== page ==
Both branded that “a disgrace”, with Radford adding: “It’s like saying, ‘Yes, we know he did it to you. But you can’t have justice’.

“He’s ‘not guilty’ for what he did to me over two-and-a-half years – repeatedly.”

His former team-mate said: “Before Jimmy Savile, before Barry Bennell, before all of this, I went to the police and made my statement. Where’s my justice?

“I should have a conviction behind Bob Higgins like everyone else and he should be doing extra time because of me.”

Revealing he could not bring himself to attend Higgins’s sentencing, at which the latter was read victim-impact statements before being imprisoned, he added: “The whole reason I went to court and went through this s--- – talking about sex abuse with all these people I didn’t even know – was purely 100 per cent I knew he was guilty and I just wanted to look him in the eyes and tell him, ‘I’ve won; you haven’t’. Now I can’t even do that.”

He described himself as “lost”, while Radford said that despite being “absolutely elated” for the 24 victims who did secure convictions, he had been “so low” since the trial.

Court artist sketch by Elizabeth Cook of Bob Higgins watching a witness interview in the dock at Salisbury Crown Court Credit: PA

Both men are also still searching for answers about the 1991 prosecutions, which Radford said he only recently learnt had been ordered to be split into six separate trials, one for each alleged victim.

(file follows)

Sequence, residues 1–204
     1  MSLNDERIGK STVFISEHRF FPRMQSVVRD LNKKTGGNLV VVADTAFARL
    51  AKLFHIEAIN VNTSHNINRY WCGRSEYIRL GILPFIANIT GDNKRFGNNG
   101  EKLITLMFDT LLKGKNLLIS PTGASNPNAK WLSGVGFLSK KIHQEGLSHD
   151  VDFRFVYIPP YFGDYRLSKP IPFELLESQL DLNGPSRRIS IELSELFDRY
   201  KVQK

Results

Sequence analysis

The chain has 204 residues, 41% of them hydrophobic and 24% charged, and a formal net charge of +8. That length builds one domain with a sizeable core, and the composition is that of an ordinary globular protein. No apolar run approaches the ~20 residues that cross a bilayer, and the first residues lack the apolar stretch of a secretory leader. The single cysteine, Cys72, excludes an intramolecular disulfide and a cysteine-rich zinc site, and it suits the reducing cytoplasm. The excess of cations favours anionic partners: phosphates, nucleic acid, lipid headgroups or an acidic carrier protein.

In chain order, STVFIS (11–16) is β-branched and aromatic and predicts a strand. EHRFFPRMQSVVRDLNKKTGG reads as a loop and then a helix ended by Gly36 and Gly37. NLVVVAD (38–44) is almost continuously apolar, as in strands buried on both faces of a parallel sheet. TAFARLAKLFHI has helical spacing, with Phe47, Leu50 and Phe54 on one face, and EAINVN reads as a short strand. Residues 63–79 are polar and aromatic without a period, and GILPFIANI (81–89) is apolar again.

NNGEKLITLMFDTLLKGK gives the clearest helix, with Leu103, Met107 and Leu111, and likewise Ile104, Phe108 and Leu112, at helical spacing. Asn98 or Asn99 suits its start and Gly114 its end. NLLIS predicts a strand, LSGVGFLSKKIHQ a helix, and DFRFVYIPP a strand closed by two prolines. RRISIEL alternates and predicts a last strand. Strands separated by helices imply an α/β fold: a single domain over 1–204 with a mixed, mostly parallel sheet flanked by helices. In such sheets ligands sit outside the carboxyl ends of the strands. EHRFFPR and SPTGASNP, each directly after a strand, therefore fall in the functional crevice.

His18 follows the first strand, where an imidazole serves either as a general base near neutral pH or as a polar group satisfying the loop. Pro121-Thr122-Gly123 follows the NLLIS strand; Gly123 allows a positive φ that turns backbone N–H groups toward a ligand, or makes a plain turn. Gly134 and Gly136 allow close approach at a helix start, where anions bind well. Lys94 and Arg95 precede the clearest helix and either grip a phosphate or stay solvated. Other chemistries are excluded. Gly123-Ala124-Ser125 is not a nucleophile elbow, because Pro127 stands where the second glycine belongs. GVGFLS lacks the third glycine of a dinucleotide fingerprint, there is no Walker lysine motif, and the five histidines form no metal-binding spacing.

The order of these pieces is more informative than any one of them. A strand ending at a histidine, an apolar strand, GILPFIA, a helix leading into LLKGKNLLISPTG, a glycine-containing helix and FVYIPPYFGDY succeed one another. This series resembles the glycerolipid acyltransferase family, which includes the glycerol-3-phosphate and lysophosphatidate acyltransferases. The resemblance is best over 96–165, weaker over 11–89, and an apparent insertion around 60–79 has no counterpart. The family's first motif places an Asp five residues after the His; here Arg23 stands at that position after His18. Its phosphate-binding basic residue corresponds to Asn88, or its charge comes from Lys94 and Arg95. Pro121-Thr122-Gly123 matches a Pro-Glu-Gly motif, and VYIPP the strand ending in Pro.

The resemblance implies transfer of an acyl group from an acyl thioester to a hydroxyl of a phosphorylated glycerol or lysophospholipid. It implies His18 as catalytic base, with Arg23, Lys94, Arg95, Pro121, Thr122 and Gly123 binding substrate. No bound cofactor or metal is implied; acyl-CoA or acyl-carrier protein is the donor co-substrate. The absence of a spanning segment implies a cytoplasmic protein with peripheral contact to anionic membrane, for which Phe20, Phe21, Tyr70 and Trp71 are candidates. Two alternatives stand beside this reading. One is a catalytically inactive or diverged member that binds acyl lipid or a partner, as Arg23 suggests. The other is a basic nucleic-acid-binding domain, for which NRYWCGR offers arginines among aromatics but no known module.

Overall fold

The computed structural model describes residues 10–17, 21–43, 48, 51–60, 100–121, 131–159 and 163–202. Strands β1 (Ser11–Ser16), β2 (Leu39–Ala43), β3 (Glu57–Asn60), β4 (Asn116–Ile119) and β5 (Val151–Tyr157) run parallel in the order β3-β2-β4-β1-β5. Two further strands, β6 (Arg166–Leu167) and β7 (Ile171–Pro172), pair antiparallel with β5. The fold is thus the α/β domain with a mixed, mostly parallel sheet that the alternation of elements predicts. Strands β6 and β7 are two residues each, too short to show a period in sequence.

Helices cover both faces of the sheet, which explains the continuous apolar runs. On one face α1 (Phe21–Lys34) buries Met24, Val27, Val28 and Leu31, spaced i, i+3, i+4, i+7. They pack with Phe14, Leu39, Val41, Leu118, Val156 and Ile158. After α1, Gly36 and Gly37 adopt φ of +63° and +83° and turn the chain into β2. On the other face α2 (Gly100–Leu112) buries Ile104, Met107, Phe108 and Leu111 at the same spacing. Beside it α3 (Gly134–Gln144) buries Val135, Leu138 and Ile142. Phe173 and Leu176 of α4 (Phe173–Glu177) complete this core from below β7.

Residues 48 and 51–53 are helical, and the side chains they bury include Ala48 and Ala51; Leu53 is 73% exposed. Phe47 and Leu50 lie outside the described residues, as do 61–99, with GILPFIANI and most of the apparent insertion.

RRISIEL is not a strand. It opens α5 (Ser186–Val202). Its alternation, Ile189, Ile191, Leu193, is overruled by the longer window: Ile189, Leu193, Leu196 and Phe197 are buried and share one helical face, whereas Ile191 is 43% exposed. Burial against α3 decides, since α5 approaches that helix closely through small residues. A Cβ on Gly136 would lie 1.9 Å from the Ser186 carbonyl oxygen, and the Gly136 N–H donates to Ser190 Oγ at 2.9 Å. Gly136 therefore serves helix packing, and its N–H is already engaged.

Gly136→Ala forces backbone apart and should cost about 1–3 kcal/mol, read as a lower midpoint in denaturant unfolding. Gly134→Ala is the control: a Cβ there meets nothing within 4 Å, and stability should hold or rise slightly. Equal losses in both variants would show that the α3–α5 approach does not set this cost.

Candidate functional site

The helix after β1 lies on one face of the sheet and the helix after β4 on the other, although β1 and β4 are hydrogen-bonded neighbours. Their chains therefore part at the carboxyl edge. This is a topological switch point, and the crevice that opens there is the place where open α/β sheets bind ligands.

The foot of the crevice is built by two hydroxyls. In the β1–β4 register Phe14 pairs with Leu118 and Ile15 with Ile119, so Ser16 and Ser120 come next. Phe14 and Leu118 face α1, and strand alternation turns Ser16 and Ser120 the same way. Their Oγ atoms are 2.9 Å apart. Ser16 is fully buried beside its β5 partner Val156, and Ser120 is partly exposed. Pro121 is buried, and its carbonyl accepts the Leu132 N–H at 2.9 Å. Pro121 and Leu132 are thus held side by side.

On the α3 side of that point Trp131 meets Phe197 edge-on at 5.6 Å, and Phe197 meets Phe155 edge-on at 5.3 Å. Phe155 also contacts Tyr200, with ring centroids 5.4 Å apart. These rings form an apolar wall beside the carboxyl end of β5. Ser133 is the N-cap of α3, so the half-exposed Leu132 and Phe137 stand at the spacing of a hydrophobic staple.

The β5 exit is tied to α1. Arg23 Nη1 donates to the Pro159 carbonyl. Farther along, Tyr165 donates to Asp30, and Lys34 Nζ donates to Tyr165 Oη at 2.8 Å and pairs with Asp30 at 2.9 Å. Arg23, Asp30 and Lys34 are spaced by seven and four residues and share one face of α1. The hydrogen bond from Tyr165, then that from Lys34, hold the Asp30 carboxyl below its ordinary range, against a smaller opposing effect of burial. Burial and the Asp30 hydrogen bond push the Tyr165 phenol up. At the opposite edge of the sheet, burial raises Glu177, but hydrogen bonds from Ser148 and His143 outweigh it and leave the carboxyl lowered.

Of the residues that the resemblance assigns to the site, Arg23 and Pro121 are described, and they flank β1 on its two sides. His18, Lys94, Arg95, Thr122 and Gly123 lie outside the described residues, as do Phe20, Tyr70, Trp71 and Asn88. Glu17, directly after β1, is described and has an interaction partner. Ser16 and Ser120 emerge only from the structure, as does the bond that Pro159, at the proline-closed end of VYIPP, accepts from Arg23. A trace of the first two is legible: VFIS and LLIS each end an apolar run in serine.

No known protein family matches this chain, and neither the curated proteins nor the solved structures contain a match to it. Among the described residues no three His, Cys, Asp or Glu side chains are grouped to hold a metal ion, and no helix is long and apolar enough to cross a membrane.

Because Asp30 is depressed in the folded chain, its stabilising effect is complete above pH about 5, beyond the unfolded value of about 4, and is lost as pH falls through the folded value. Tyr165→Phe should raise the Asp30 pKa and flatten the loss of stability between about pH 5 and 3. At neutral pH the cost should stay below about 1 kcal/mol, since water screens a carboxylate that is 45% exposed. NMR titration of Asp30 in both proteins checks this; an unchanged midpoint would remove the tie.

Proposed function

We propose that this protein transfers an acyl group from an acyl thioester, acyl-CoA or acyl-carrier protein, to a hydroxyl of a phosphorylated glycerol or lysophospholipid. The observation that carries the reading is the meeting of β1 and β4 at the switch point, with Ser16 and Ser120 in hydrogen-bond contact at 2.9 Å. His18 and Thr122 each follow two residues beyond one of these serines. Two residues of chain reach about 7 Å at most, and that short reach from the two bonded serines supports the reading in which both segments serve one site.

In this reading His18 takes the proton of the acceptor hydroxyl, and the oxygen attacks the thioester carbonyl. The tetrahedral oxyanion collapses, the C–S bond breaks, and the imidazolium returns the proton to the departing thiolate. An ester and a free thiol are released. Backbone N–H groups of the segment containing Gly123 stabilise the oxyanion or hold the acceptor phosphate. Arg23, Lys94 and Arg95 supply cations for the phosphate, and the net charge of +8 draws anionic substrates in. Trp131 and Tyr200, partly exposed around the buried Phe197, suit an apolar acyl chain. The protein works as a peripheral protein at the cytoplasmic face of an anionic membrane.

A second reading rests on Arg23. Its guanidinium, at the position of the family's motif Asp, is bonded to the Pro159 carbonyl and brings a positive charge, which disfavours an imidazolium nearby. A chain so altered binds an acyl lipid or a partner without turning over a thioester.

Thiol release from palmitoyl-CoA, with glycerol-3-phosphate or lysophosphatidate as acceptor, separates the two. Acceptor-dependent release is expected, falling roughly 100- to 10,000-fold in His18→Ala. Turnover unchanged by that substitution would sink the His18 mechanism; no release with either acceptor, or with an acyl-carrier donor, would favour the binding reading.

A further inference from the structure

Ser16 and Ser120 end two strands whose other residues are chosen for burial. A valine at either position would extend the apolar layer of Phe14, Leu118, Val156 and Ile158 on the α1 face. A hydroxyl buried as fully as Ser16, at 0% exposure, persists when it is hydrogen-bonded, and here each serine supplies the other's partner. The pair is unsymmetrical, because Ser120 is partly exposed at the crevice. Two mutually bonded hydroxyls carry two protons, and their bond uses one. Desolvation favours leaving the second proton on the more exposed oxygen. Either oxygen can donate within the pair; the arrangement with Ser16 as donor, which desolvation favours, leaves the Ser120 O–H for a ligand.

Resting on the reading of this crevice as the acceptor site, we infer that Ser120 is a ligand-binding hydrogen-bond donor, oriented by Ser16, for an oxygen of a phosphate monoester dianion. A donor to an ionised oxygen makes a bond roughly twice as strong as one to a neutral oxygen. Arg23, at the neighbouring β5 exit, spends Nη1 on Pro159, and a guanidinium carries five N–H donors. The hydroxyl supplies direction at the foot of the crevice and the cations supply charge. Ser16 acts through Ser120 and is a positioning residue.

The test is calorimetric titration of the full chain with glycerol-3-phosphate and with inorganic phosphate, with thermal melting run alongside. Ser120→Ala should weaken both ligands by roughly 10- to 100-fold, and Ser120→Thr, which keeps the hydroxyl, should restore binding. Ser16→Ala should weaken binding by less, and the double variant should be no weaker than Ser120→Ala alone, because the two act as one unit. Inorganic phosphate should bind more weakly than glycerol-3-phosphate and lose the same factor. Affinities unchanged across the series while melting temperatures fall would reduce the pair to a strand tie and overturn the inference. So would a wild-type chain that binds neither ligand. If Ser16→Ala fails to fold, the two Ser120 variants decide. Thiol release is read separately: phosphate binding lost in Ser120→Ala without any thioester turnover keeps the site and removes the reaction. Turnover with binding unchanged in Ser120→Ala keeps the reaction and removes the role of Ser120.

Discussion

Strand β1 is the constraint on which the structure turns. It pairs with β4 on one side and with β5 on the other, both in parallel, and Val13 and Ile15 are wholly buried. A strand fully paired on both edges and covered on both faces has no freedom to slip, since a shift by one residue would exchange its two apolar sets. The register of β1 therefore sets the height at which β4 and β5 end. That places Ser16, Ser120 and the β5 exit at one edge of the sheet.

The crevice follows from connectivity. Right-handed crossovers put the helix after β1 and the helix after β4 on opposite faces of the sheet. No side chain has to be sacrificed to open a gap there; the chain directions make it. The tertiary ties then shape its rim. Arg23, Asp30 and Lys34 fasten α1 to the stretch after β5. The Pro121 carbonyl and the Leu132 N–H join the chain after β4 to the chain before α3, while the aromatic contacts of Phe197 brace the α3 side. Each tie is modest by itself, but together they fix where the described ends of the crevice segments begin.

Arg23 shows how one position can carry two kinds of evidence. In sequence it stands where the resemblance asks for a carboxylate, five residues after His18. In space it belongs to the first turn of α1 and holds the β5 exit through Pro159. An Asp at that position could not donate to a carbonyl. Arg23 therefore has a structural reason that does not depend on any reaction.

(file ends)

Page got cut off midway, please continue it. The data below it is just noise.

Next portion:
That contrasts sharply with the recent prosecutions, which ended in a single trial featuring multiple complainants.

Hampshire Constabulary led the police investigations on both occasions and Assistant Chief Constable Ben Snuggs said: “Unfortunately, complaints made by some victims in the 1990s weren’t treated in the same way as they would be today.

“I am genuinely sorry that some who did come forward did not get the justice they deserved when they originally raised concerns about Bob Higgins in the 1990s. I recognise that this will have been upsetting.”

Radford and the other player who spoke to the Telegraph are both represented by leading child-abuse lawyer Dino Nocivelli, of Bolt Burdon Kemp, who also acts on behalf of other victims of Higgins.

He said: “Lots of my clients are relieved that Higgins has finally been found guilty of these heinous crimes.

“But, in relation to these six individuals, they have been forgotten to a large extent. Double jeopardy, in this instance, has only served to cause a double injustice to them.

“Every incident of child abuse is serious. It is a life sentence on the victims and survivors.

“Double-jeopardy rules should be changed immediately to take account of this exception.”

As of last night, the Government had yet to respond to Nocivelli’s letters but, despite branding child sexual abuse a “heinous crime”, an MoJ spokesman told the Telegraph the double-jeopardy rule existed to ensure “an acquitted defendant cannot be unnecessarily subjected to additional prosecutions”.